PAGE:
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Exp Parasitol. 1997 Oct;87(2):112-20.

Plasmodium falciparum: cyanide-resistant oxygen consumption.

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Department of Medicine, University of Alabama at Birmingham 35294, USA.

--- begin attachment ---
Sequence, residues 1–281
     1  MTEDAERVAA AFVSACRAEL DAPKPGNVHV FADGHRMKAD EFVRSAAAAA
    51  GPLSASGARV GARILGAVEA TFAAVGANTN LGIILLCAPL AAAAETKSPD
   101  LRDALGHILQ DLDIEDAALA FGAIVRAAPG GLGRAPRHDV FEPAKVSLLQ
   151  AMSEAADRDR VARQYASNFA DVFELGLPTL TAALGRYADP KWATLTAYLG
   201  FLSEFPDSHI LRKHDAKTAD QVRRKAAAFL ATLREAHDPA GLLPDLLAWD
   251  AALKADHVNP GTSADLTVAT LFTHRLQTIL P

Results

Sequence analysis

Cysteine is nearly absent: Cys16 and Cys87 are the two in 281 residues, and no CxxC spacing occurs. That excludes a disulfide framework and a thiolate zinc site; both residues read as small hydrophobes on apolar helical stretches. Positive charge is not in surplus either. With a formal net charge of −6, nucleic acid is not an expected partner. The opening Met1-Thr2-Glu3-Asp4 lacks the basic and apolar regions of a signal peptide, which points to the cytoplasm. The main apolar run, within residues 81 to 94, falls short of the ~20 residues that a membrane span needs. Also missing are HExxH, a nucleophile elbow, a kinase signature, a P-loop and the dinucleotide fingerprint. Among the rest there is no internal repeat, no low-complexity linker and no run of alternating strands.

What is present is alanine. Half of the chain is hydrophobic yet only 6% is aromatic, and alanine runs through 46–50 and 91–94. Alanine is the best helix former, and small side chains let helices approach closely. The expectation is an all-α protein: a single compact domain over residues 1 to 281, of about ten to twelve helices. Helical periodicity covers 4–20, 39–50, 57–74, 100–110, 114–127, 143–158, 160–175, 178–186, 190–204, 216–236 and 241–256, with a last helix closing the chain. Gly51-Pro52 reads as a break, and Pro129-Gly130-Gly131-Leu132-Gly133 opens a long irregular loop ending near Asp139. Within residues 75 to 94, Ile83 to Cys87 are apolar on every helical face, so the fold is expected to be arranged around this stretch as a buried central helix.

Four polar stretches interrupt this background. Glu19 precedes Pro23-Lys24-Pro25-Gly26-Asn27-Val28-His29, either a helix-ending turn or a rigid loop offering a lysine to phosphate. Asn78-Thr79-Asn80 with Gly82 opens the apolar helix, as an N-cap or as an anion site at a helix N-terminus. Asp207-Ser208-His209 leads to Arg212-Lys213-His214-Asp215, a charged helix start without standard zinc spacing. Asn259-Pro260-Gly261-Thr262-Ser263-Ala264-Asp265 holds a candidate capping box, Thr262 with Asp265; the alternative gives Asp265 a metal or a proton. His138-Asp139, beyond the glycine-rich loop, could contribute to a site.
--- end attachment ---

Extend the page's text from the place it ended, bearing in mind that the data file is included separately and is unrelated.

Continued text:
It has been hypothesized that Plasmodium parasites utilize a branched chain respiratory pathway, consisting of a classical cyanide-sensitive branch and an alternative cyanide-resistant branch. To further explore this hypothesis, the effect of cyanide on Plasmodium falciparum was determined using a polarographic assay. The rate of oxygen consumption by saponin-freed parasites was approximately 5% that of control human white blood cells or of Toxoplasma gondii, consistent with an anabolic role for P. falciparum respiration. However, while all of the oxygen consumption of the control white blood cells and of T. gondii could be inhibited by cyanide, 25% of the oxygen consumption of the P. falciparum parasites was found to be insensitive to high concentrations of cyanide. The cyanide-resistant portion of the parasite oxygen consumption was completely inhibited by two inhibitors of alternative oxidase activities in other systems, propyl gallate and salicyclhydroxamic acid. These studies provide the first direct evidence for a branched chain respiratory pathway in P. falciparum. Furthermore, salicyclhydroxamic acid, propyl gallate, and related inhibitors of alternative oxidase activities were shown to inhibit the growth of P. falciparum in vitro. These results support the need for further investigation of alternative oxidase activity as an antimalarial chemotherapeutic target.

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